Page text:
Part I: Getting started
If you are not using public relations to promote your events, you may be missing a huge opportunity. One press release in the right hands could translate into online and print calendar listings, blog mentions, published articles, or television or radio coverage. Good publicity not only can help you increase attendance; reinforce the company’s brand; and attract sponsors, speakers and exhibitors; it also can create goodwill.
If you don’t have a public relations (PR) specialist on your events team, or if you have no prior PR experience, don’t panic. Here’s how to get started:
- Identify your target market segments. Who are you trying to attract to your event: Sponsors? Attendees? Press?
- Figure out what the story is. If you want people to write about your event, you need to “pitch” that story angle, so figure out what makes your event unique and write a press (or news) release for each potential newsy item.
- Gather relevant information. Whether you are going to write the press release or you are going to hire a PR professional to write it for you, you’ll need to know the five Ws and one H of the event:
- Who is producing the event? Who should reporters contact for more information?
- What is going to happen?
- When will it take place?
- Where will it happen?
- Why should people care? Why should they come?
- How can people get more information, get involved, purchase tickets, etc.?
- Compile a list of reporters and editors at magazines, newspapers, Web sites, television and radio stations that target the same market(s) your event does. PR professionals have their own lists and relationships with media professionals, but being able to tell them whom you are targeting will help them focus their efforts and deliver your message into the right hands. And if you’re doing the PR yourself, knowing who to contact and how is half the battle.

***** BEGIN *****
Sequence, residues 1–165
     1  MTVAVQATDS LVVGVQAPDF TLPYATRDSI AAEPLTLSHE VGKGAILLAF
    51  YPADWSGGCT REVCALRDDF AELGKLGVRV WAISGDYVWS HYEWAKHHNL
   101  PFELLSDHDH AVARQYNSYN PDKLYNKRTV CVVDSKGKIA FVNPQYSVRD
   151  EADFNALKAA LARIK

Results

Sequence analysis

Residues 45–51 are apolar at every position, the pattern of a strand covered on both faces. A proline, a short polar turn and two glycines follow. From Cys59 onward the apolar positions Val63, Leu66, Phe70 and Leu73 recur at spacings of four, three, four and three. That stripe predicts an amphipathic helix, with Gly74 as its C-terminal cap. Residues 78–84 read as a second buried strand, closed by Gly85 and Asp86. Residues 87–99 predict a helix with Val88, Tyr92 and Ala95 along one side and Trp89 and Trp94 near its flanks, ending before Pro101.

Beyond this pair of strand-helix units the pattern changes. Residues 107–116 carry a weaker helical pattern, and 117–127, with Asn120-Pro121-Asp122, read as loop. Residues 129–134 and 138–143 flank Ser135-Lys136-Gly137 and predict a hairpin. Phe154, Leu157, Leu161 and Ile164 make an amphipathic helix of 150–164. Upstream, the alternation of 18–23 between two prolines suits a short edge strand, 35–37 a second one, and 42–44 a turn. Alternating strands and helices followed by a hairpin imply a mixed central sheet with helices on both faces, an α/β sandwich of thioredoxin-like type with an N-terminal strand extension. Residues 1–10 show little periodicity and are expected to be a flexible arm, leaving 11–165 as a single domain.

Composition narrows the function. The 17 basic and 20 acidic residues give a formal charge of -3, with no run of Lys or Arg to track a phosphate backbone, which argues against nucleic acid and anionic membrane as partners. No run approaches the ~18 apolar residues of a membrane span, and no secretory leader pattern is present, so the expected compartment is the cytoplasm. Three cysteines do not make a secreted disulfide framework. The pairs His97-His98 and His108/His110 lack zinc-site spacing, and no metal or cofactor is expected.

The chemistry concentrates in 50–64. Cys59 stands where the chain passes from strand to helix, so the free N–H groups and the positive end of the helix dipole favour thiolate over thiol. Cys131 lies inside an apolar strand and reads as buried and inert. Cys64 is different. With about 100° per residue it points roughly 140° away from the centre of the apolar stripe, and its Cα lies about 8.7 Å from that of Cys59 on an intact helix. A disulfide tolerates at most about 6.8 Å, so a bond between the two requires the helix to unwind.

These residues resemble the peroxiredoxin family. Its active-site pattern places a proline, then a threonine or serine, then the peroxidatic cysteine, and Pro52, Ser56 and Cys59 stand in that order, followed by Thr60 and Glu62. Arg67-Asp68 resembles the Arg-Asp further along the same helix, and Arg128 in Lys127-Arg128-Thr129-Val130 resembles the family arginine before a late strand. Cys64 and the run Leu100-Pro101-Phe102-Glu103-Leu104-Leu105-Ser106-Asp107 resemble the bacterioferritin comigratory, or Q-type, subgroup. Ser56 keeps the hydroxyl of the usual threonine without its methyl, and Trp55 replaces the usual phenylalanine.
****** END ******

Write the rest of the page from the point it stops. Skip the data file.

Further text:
If you decide to hire a PR professional, knowing the above information in advance is crucial, especially if they charge by the hour. Always review and approve their work before press/news releases are distributed. Double-check facts and contact information as well as the tone of the release, and be prepared to edit it, if necessary.
The advantage of hiring a PR professional is that it saves you time. They already have media contact lists, relationships with writers, experience crafting attention-getting press releases and knowledge about when editorial deadlines are at different media outlets.
The advantage of doing it yourself is that you will save a lot of money (unless you convince a PR person to volunteer their services). And affordable marketing programs such as ConstantContact.com can help you craft professional-looking, targeted e-mail campaigns and keep track of who is reading what you’ve sent.
Tune in next month, and I’ll go over how to put together the perfect press release.
— Jackie Thornton, M.S., CMP
Jackie Thornton, M.S., CMP, is President of Global Marketing and PR Inc., which offers event planning, marketing and public relations services. She also has taught event planning certificate courses.